Kinda like an iPhone

Given I’ve been teaching about Willingness-to-Pay and firms making decisions about the level of benefits they offer potential customers (a.k.a. The Value Proposition), it was intriguing to see this quote regarding the market for counterfeit iPhones:

“The customers) generally want to have something that looks like the real thing, so they can say that they have an iPhone”.

The article was heralding the push to shut down the importation of fake iPhones into Australia.

I am curious as to which features this segment is valuing (i.e. is willing to pay for) in the fakes and which they are not.

bad apple iPhone fakeAre these fakes anything more than a normal 2G phone in a fancy case?  Or do they have 3G capacity?  Or, even worse are they nothing more than a shell (like a toyphone that toddlers wonder around with)?

Do they have any “apps” and user-friendliness?  Or would a purchaser just pretend to be touching and dragging stuff around?

What might Apple learn from consumers’ behaviour here?  Should they seek to address some of these lower-end users’ needs?

Would a genuine iPhone model with pared back features and lower price broaden their market penetration?  Or might it hurt their brand caché? Is there a Shuffle equivalent opportunity in this market?


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3 Responses to “Kinda like an iPhone”

  1. russm Says:

    the ones of these I’ve seen are standard WindowsMobile smartphones (probably based on HTC reference designs) that are packaged in an iPhone-style shell instead of a more traditional smartphone shell… when it’s turned off and sitting on the table in front of you, or when you’re holding it to your ear, nobody can see that the interface isn’t a real iPhone interface…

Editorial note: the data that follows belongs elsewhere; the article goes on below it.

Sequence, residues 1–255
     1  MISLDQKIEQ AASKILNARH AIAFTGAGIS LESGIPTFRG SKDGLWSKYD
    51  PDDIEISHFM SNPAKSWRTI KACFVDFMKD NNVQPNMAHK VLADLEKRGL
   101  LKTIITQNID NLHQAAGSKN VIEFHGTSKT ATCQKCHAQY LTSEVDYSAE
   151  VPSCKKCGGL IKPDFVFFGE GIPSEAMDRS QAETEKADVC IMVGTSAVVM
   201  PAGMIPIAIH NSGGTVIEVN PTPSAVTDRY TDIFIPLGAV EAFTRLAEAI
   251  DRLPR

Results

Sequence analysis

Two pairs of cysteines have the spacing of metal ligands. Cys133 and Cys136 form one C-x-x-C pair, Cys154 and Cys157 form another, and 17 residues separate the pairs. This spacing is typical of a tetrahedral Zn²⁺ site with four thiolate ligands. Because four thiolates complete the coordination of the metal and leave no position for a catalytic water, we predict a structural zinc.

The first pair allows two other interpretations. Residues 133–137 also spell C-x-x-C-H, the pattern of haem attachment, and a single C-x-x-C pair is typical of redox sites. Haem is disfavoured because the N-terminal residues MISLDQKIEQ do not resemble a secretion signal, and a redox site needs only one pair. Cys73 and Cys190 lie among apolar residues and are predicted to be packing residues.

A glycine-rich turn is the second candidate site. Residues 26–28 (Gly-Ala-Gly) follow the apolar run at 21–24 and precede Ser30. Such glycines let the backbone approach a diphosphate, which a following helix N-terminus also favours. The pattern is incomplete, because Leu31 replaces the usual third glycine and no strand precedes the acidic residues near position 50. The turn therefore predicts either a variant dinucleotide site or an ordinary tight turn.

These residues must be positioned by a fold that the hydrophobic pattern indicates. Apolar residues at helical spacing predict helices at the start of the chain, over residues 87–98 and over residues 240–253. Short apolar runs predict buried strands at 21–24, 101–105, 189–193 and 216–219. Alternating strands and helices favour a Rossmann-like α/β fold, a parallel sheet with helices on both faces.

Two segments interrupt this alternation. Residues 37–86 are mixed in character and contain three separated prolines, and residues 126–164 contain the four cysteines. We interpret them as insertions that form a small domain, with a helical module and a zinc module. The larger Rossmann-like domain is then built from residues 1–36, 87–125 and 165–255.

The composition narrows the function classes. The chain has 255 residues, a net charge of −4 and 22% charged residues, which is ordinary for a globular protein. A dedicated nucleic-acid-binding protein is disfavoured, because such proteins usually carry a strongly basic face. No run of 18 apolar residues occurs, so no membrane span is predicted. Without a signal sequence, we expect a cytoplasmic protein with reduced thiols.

2. Andre Sammartino Says:

    Thanks russm,

    So, in that instance, the valuation algorithm goes something like:

    Willing to pay for:
    3G/Smartphone capacity
    impression of iPhone ownership (or iPhone external design and cache)

    Not willing to pay for:
    iPhone interface
    iPhone app access
    restrictive phone company hookups required by Apple arrangements

  3. Rags Srinivasan Says:

    Marketing is about segmentation, targeting and positioning.
    Strategy is about making choices – making choices on how to deploy limited resources to maximize outcome. A business cannot go after every segment just because it exits.
    Recently WSJ wrote an analysis of the market share vs. profit share split in the mobile phone market. Apple and RIM have less than 3% market share but more than 30% of profit share. Nokia which has the largest market share and largest profit share but very low profit share to market share ratio.

    You probably are correct in saying a iphone-nano will increase penetration but for Apple to enter this segment it should first exhaust all its options that deliver higher profit share to market share ratio.

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